The next glaring problem is value.  At $110 as a BNF, this 16" span mini pig costs way too much.  Even its  high-priced big brother (44") is a better value, and sports adequate performance.  Of course you can't fly a much larger plane in your front yard, but that's a small consolation prize for putting up with HH's rip-off price tag for mediocre performance with junk component quality.

The competition:
Unfortunately, Jiggy gets blown away by much higher performing, lower priced competition:
21.5" (cubed difference = 2.5 times larger model) 4ch, 10A brushless
motor with better scale detail and higher quality internal servos.  $69 PNP
or $84 as an RTF with a solid full size 4ch 2.4Ghz Tactic Radio

Hobby King 40" F4U Corsair PNP
This 40", 5ch 20A brushless Corsair is $69 PNP
32" Hobby King F4U Corsair PNP

31" 5ch, 10A brushless for $69 PNP
In the air:
Jiggy looks the best and flies the worst of the entire UM series.

My first test flight was cut short due to increasing winds, but was plenty long to confirm that Jiggy has Ultra Micro power.  My unrealized hope was that the high wing loading of the plane would make it a little more apt in light wind.  Bzzzzzzt.  No.  The plane was helpless in 5-8 mph winds, revealing both underpower and under-control.  Flying with the 130x70 nailed on is much more satisfying way to burn dinosaurs, but the plane is still light on thrust. This Corsair wannabe is begging for a brushless upgrade--but that's assuming the basic airframe is aerodynamically sound, which it's not.

Once trimmed up, the plane is fundamentally stable in roll but not pitch, making it too inconsistent to fly enjoyably across a range of airspeeds in sport mode. It wants to dart up/down, after it does it wants to roll over on its side for lack of power, or tear for the dirt due to an abundance of weight.  The plane is too underpowered to fly in any mode other than sport, which doesn't leave a lot of options. Could be tail heavy as shipped.

You'll need to move the aileron pushrods closer to the control surface to get more throw, the plane struggles to complete an aileron roll as set-up by PZ. Unfortunately, the plane has so little oomph that large deflections are lossy in the airspeed dept, so you still need to supplement with potential energy to pull off a decent roll.  Using high deflection ailerons also risks reverse direction rolls once slow, due to the up-going wing (down aileron) stalling shortly after airspeed poops in the gutter.   Loops are best accomplished from a downhill entry with the 3-blade installed, better with the wider 2-blade, but mild aerobatics are still thoroughly unsatisfying.

Rudder deflection is very effective, but the influence of the vertical stabilizer on straight line yaw stability is pretty low. I need full right rudder to takeoff but not to counter high throttle/low speed torque in the air, possibly a wheel friction differential or airstream blockage with the tail low.  In the air, rudder control definitely helps to get the plane lumbering in the right direction, but couples heavily with pitch-down.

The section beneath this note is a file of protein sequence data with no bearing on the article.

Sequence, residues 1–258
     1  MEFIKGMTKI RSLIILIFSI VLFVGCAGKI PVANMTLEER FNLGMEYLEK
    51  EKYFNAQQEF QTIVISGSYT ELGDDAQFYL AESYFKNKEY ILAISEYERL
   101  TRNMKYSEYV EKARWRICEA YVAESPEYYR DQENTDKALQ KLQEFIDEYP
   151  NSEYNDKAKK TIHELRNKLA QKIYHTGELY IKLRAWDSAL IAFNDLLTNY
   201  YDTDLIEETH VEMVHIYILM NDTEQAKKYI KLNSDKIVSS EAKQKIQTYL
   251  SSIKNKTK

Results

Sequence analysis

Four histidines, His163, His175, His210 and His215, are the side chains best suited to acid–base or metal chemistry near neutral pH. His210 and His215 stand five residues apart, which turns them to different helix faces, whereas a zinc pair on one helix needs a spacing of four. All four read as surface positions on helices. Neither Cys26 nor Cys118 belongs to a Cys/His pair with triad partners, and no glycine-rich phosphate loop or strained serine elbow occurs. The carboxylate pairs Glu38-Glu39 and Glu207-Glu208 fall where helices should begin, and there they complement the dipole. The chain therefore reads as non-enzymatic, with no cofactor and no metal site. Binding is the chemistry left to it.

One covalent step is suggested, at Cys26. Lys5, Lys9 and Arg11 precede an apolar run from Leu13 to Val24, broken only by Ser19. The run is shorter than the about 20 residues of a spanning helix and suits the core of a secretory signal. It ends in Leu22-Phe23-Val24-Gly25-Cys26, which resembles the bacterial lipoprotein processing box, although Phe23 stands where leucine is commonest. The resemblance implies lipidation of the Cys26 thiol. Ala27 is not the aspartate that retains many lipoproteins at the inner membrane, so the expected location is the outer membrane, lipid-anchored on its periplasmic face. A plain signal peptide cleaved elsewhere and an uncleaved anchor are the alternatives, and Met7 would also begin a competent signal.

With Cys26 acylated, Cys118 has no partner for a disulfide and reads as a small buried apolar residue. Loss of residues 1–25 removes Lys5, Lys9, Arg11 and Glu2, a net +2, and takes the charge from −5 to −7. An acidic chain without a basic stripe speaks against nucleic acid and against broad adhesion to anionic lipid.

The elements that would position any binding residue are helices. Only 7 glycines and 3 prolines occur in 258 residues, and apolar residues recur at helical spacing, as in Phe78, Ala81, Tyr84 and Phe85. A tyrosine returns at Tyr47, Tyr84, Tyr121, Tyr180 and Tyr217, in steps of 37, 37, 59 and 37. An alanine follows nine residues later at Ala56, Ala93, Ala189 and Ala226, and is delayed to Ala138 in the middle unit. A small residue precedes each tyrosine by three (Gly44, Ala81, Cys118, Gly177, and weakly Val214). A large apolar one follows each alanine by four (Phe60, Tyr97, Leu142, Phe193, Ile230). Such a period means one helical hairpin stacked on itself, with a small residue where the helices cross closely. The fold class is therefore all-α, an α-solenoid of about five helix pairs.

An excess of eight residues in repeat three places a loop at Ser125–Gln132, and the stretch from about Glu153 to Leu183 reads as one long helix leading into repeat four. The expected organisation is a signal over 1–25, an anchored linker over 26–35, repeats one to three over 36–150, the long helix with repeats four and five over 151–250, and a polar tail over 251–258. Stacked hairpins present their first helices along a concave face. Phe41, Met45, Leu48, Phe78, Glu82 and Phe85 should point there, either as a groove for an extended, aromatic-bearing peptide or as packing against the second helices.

Oddly, the plane has rare moments of solid high alpha, low speed flight--until the flight path needs to be corrected--then it falls off the rails from a lack of helpful control surface guidance, the inability to power out of any induced drag hole, and out-of-square wing root stalls, likely due to improper washout geometry in the inverted gull's airfoil.  A quick look down the wing, from tip to root, reveals that undercambered airfoil is at its highest AoA at the gull's wrists. This is certainly a contributor to Jiggy's bottom-feeder flight characteristics, since the most severely stalled wing-section tugs far too from the fuselage, inducing yaw which quickly couples to roll as the opposite wing gets kicked into the relative wind like a seesaw, resulting in forward sweep.  It's the same inherent instability and lousy tracking that one feels from leaving the flaps down during cruise.

The cheap Rx has discrete aileron servo plugs, but the internal electronics are a Y connection instead of 5 ch, eliminating the possibility of differential, spoiler, or flap movement.  That's unfortunate:  plenty of vices to iron out; limited options.

Z8RC Verdict:
This plane is woefully outclassed by relatively high amp, brushless competition selling for less money, and is a marginal performer in the air.  I can't imagine anyone, who is aware of the competition, buying Jiggy given it's price point, tiny scale, and handicapped performance.  Along those lines, after this HH UM sucked so bad, I decided to try the BlitzRCworks 21.5" 2 or 3-cell Nano Corsair for $69.  It rocked Jiggy's world:

In the end, gave the plane my lowest passing grade, despite junk components and poor flying qualities.  While I feel violated by HH's lack of a rational value proposition for this lazy, misbehaved micro warbird, it wasn't quite as painful as usual at $110 as a BNF and $140 RTF.

HH continues to target novices who seem fine paying out their nose for chimp engineered toys stuffed with the most fragile Chinese garbage, all wrapped up in a catchy paint job and sold using their socialist-European price-fixing business model.  They obviously think their sales scheme is a winner.  It's not.

I could recommend Jiggy to people who don't expect a whole lot more than a cabinet display at a BNF price point around $40-50 retail, maybe as high as $65 in RTF form with Horizon's typical UM toy radio. 

Appearance: A-
Flight Performance: C- (HH can never say I'm not a kind person)
Durability: D- (assuming my gearbox failure was a fluke)
Value: F
Overall Grade: D-